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slot cutter jig

6427 Views 1 Reply 2 Participants Last post by  Mike
I use a slot cutter on my router to cut biscuit slots in picture frames. I works great to cut biscuit slots on simple miter joints.

I like to do the compount miters for some picture frames. This gives depth to the frame and a shadow box effect.

My question is, has any one created a jig to cut biscuit slots for compound miter joints with your table mounted router, and if so, would they share with discription or pictures.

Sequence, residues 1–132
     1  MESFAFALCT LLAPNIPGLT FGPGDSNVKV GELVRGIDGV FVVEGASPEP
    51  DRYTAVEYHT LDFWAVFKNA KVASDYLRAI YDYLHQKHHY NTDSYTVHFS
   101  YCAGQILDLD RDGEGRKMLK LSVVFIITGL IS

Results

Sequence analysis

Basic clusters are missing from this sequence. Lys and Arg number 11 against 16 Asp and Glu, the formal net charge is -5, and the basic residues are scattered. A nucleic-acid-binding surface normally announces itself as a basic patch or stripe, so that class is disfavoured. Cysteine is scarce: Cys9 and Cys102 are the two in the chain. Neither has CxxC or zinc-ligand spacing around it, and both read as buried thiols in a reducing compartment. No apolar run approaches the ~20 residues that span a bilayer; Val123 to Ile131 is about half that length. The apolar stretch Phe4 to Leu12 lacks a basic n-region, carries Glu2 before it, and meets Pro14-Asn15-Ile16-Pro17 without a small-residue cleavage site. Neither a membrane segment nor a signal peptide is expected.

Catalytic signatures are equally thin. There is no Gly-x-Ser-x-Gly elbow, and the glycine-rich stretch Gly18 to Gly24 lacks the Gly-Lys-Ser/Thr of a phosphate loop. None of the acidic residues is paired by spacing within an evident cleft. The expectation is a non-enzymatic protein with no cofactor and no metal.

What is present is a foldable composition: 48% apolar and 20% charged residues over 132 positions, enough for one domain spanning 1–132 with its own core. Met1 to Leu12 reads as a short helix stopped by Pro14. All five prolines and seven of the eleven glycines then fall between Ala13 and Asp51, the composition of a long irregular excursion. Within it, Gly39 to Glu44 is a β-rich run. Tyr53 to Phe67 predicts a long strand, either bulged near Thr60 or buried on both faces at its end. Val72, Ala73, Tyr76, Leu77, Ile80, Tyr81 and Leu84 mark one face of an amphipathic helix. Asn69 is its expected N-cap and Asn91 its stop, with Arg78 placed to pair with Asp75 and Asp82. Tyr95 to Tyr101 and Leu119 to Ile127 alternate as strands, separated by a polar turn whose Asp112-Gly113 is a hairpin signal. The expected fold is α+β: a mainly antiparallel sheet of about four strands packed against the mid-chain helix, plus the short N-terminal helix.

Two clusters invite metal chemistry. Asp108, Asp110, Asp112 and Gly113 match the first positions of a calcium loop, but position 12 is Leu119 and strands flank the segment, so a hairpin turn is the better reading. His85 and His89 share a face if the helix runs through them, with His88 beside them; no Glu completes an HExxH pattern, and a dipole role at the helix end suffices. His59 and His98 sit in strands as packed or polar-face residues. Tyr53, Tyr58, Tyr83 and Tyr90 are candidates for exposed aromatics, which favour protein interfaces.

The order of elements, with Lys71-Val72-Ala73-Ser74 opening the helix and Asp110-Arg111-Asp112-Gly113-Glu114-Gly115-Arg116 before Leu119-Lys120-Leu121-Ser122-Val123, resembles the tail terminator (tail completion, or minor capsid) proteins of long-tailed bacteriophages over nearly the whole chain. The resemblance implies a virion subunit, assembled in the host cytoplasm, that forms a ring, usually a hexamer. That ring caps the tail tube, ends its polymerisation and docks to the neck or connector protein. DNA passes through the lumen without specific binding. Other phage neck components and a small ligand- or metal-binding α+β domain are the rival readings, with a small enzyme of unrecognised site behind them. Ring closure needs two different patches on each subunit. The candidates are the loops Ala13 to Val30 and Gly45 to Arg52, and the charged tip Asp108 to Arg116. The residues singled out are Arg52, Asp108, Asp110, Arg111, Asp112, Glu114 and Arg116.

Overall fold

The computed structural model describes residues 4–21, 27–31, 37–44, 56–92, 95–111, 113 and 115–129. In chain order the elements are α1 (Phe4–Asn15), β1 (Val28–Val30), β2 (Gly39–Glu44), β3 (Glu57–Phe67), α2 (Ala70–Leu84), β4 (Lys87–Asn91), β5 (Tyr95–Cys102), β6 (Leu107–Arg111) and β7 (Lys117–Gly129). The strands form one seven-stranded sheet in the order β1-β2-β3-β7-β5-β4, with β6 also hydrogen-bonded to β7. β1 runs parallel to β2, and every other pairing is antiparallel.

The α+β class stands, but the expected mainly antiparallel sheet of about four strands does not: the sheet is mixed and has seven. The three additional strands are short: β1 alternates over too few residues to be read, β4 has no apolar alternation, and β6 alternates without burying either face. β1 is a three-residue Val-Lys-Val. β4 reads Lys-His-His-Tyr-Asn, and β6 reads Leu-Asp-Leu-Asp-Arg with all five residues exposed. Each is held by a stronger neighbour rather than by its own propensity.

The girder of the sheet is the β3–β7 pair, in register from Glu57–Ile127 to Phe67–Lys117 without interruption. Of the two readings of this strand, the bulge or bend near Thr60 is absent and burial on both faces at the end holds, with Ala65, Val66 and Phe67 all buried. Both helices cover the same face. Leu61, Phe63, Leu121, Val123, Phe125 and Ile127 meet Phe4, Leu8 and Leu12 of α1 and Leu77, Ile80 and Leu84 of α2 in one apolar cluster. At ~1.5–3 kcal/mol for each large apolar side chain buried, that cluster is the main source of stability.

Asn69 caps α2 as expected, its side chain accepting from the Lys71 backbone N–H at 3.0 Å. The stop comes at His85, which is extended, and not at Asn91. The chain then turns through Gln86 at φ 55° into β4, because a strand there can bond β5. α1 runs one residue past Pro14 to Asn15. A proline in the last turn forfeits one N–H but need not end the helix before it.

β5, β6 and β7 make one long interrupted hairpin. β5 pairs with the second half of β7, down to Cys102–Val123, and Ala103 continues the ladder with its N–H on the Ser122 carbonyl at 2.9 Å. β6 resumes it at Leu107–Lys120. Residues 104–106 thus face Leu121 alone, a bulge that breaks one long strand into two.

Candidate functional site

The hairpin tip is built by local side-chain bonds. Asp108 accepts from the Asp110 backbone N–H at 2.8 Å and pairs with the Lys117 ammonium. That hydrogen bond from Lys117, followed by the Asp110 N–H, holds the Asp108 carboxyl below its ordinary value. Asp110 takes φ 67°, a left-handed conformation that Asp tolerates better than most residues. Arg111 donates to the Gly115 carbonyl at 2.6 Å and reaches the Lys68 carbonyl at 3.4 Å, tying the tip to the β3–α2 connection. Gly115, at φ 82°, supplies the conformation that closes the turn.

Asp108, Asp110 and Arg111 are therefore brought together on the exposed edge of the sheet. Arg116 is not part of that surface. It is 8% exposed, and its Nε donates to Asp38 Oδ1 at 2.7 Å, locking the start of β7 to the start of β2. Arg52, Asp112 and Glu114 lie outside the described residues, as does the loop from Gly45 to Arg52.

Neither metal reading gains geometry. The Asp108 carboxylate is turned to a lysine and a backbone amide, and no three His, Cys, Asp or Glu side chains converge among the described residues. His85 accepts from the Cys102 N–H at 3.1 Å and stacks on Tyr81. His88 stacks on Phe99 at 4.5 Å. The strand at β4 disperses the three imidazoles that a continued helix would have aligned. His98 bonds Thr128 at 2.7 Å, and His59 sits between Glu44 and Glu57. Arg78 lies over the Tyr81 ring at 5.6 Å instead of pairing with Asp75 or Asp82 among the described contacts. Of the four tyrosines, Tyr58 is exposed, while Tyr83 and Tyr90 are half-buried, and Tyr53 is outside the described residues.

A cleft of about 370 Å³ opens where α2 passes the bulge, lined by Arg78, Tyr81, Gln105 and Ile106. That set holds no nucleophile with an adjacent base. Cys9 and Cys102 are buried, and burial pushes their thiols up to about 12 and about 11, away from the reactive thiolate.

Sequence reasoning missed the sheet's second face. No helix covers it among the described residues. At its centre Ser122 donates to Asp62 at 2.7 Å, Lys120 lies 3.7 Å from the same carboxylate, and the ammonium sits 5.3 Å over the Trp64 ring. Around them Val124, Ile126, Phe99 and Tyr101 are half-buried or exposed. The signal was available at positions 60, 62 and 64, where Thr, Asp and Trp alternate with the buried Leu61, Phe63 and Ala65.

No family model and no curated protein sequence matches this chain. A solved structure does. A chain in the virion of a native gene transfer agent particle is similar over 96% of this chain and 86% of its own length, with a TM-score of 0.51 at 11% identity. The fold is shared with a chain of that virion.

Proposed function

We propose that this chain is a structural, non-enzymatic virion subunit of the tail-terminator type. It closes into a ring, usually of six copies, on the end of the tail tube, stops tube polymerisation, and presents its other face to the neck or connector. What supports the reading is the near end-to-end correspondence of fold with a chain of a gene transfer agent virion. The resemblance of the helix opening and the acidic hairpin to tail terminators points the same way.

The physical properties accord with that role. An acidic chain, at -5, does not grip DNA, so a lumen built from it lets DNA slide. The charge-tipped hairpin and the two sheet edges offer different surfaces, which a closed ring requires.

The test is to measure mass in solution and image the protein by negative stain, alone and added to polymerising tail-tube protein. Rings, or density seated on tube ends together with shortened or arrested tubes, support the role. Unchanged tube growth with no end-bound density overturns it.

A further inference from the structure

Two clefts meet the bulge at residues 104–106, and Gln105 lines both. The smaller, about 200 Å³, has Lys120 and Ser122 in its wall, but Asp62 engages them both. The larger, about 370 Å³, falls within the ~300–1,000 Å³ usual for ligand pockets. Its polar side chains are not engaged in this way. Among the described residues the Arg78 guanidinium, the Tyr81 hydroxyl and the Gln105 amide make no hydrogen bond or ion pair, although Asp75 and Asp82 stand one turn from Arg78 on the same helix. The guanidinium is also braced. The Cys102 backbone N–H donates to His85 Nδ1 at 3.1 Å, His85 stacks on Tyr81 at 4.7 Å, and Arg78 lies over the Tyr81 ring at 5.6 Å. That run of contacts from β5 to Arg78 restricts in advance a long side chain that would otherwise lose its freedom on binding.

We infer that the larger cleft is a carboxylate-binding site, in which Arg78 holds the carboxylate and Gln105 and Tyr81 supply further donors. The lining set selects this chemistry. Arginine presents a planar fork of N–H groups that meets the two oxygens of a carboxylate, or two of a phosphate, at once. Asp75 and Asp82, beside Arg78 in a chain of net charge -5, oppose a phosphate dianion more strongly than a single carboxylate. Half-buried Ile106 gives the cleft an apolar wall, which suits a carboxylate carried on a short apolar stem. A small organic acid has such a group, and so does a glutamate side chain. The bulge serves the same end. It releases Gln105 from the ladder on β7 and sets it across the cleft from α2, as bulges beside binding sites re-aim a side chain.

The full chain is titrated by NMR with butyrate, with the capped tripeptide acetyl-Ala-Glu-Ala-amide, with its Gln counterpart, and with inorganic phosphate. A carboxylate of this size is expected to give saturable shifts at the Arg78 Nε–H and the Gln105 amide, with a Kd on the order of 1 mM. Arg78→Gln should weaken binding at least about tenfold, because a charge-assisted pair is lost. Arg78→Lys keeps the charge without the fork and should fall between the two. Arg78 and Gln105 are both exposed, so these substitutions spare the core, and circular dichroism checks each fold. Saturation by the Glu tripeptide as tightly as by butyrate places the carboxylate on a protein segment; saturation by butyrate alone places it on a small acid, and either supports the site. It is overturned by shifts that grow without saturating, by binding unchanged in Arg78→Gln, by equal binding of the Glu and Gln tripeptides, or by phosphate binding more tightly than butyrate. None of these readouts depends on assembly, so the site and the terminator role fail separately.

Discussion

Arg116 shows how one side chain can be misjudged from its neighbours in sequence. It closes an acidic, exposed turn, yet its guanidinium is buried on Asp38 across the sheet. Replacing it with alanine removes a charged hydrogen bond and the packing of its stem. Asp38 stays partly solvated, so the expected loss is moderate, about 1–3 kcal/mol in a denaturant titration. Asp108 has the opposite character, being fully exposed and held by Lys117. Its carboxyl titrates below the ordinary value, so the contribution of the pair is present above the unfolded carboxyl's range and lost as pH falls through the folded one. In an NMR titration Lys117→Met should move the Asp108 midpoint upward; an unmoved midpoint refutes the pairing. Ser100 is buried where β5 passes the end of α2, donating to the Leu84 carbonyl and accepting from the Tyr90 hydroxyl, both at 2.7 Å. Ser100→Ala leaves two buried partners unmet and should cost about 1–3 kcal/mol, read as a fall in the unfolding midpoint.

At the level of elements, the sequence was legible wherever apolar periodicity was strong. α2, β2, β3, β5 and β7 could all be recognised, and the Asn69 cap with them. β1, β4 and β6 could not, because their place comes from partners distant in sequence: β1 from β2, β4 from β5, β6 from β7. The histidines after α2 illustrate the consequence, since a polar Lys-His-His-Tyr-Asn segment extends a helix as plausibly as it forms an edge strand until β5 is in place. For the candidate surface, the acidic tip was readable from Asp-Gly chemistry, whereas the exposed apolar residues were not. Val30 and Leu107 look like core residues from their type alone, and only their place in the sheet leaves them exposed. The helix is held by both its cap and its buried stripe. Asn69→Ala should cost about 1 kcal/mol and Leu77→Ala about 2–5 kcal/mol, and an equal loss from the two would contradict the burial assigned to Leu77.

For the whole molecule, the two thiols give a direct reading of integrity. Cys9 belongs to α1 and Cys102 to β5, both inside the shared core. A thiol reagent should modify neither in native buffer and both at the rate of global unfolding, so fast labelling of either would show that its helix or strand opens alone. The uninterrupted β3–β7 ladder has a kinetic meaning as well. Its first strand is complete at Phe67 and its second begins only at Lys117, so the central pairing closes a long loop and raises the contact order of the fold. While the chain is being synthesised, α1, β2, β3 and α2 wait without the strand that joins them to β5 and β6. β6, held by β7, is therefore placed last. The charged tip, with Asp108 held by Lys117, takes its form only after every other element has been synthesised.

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Not having built the jig, I thought about the jig Kreg uses to align angles for attaching pocket holes screws. Same principle applies, after you make your compound cut's, Cut complimentary pieces to get you back to 90 degrees and attach them to a piece of plywood creating a mini sled to support the workpiece. Assuming you might want to create more than one compound angle cut for different frames, perhaps building a jig to mount to the router table would work better? I picture a triangle shaped piece of 1/4" Masonite with a hole to fit over your safety pin. This allows you to pivot on the table surface. Useing a straight plunge router bit, plunge slowly up through the Masonite, then pivot your triangle to make a clearance slot for the bit. Mount your biscuit cutter and swing the triangle plate so it shows where the cutter would intersect the edge of the plate. Make a 1/4" rabbit on the 2" edge of 2 pieces of 1"x2". Cut yourself a piece of Masonite 2" x length of the cutter plus 1". By glueing these pieces you will have a zero clearance fence to center along the edge of your triangle plate. Leave at least a 1/2" of the Masonite on the outside of your fence for your workpiece to ride on. Attach it with glue and screws through the bottom. Slowly pivot your plate to cut through your fence to create the zero clearance slot. Now you have a flat surface to hold your mitered piece against. Bring your cutter level with the fence face and clamp it in place. Make a zero mark on your plate at least 3" from the leading edge. Make a matching "reference" mark on the table. A couple of practice cuts on scrap will show you where to mark your stop lines on the plate for different sized biscuits. Now that the jig will function for making cuts, build a small box to cover the cutter for safety. As a bonus this will be a great place to mount a dust collection hose. What do you think of my solution?

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